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I'm having trouble using OmniFocus, can you help? Thread Tools Search this Thread Display Modes
I'm coming from Outlook tasks to OmniFocus. The power of OmniFocus to manage projects is much better than what I was using, but I was previously able to sort my tasks by due date so I knew what I should be working on next. However, I can't seem to sort things in OmniFocus by due date. When I do sort them, they are in reverse order with the farthest due dates listed at the top. The project categories also mess things up and break up the list of tasks.

Am I doing something wrong? Is there a good tutorial on how someone sets up their life on OmniFocus and how they know what to work on next?
Welcome to the forums, Alligator! We'll be happy to help. (In case it helps, you can also get help by emailing us or calling 800.315.6664 between 10am and 5pm Pacific time.)

Based on your description, it sounds like you're looking at your actions in Project view. Are you on the Mac? If so, I'd suggest opening the "Perspectives" menu, then selecting the "Due" perspective.

That's based on Context view, which will sort your actions (regardless of which project they come from) in the manner you seem to be looking for. Does that view do what you need?
The key thing for me to understand the power of OmniFocus was the simple phrase:
Plan in Projects, Work in Contexts

That means that when you are setting up new actions and projects, planning tasks, etc, you should be in the "Project" view. Then, when you are actually doing work (or deciding what to do next), you should be in the "Context" view. The Context view will show you all of the tasks assigned to that context--across all your projects--and can be sorted and displayed however you want. Sorting by due date makes a lot of sense, and it is how I usually work.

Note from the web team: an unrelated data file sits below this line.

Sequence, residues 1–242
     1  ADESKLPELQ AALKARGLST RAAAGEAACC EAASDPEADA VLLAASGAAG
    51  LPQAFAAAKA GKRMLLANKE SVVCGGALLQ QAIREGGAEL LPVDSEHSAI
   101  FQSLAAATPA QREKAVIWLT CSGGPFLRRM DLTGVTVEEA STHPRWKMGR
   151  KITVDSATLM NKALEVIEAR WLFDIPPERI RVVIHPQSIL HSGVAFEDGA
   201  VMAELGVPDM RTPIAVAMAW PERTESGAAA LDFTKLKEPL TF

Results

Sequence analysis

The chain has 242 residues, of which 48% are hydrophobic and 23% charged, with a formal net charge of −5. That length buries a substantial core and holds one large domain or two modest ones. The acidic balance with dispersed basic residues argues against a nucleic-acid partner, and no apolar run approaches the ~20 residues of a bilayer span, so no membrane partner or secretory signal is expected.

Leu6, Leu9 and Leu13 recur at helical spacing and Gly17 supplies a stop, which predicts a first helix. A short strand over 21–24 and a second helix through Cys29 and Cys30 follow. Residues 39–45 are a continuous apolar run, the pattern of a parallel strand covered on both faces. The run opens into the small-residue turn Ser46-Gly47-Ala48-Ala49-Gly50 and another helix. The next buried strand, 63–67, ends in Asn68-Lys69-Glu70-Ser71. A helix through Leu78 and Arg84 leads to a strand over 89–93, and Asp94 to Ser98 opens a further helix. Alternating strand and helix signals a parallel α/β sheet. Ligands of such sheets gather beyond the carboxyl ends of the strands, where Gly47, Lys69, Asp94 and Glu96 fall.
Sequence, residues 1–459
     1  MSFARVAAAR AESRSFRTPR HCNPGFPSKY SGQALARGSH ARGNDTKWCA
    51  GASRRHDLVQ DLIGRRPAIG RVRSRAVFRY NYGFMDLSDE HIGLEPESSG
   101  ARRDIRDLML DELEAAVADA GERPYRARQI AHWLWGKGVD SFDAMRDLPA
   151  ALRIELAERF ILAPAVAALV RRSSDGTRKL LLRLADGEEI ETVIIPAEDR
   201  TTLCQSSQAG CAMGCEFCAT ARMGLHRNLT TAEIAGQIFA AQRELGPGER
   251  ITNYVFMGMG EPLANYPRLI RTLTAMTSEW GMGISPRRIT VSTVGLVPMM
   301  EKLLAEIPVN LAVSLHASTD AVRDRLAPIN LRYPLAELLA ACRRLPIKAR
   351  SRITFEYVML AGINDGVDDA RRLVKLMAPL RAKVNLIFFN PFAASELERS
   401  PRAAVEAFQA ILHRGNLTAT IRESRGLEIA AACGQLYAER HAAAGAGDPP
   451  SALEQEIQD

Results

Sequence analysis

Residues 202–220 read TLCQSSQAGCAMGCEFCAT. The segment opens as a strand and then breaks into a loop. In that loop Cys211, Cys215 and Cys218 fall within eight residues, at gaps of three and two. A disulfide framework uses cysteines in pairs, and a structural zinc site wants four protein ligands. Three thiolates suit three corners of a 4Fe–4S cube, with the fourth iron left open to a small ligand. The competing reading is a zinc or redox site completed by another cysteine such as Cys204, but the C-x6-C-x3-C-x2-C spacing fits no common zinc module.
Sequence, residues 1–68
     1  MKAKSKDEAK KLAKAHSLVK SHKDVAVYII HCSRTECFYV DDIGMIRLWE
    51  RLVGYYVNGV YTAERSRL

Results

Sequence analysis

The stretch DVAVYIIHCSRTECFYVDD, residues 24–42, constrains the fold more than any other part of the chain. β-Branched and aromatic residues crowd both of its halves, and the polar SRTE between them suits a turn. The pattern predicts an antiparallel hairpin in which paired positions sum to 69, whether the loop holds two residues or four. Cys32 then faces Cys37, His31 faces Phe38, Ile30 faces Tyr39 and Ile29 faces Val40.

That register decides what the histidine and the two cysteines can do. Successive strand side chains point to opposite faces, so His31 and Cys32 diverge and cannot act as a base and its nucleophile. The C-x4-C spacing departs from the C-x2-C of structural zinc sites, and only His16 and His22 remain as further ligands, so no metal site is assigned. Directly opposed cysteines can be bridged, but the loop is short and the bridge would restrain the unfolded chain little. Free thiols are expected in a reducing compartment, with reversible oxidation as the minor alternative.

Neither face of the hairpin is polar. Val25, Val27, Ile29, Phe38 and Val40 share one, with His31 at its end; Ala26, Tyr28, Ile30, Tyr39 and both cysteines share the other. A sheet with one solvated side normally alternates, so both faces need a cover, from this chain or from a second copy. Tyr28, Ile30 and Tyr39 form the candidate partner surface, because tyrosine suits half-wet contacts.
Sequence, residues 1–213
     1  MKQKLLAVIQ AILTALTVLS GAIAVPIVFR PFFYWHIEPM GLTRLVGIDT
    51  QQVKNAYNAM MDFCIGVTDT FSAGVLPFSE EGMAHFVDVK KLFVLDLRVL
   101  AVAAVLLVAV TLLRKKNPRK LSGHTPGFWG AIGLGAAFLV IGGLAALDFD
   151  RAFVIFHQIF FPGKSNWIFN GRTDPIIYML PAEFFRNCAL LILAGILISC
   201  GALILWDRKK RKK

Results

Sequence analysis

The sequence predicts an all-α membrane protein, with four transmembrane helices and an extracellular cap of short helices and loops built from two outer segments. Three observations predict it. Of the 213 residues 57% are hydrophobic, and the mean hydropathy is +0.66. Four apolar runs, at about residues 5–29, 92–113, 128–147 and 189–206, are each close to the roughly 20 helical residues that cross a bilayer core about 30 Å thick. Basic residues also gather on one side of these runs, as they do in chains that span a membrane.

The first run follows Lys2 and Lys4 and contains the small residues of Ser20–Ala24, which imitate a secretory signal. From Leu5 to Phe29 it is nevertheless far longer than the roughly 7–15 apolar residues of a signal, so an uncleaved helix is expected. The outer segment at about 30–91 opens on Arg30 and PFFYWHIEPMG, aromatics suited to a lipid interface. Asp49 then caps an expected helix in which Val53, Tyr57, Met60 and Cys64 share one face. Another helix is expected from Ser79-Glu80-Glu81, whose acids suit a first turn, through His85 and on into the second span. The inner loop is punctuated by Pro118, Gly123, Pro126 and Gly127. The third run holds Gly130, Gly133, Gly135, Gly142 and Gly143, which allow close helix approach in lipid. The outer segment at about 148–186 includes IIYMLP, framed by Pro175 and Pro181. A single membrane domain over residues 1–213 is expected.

The implications of that are that when you add new tasks, you'll have to assign them to both a Project and a Context, and you'll have to give some thought to not only how you organize your Projects, but also how you organize and build your Contexts. There is a ton of information available in the forums on how people set up their Contexts if you need some help on that.
The problem I have is that I am not experienced with organizing my tasks by context.

For example, I'm sitting at my desk in my office, so I can't simply list "office" or everything would be in that context. I'm not using this for personal tasks, just for work tasks. I see examples of people using "phone" as a context, but I just don't have that many calls to make in a day to justify this. Instead, I usually have 5 projects or so, each with active tasks that I need to work on as I have free time.

What do you think I should do?
You might want to rethink contexts if 90% of them are "Office". Contexts can be anything you want, and there are many different views on this. Contexts can be places, tools, time, level of difficulty, frame of mind, etc. Do a quick google search for "GTD Contexts" and you will find a lot of examples.


Full Focus
Brain Dead
Over an Hour
Etc, etc
One habit I've found useful when deciding how/when to split up gargantuan contexts is to make some notes whenever I scan down a long list of tasks in a context about why it is that I'm not doing various tasks, even though I'm seemingly in the right context. This will often suggest some new subcategories or even top-level contexts. The vast majority of your tasks may have to be done at the office, but you'll probably find that there are some natural groupings beneath that. Perhaps there's a collection of tasks which require the use of a certain piece of equipment. Other tasks might require going to a different area of the building, or talking with a specific colleague. You'll probably be more efficient if you can do multiple similar tasks when you set up the large document scanner, walk over to marketing, or catch the remote employee who only comes in 2 days each week.

As atreinke suggests, contexts don't have to be physical locations; they are orthogonal to projects, and offer you the ability to slice and dice your task lists into smaller chunks. Doing so makes it easier to select a task and get back to work rather than staring numbly at an impossibly large list.
We had a blog post a while ago about this that might help:

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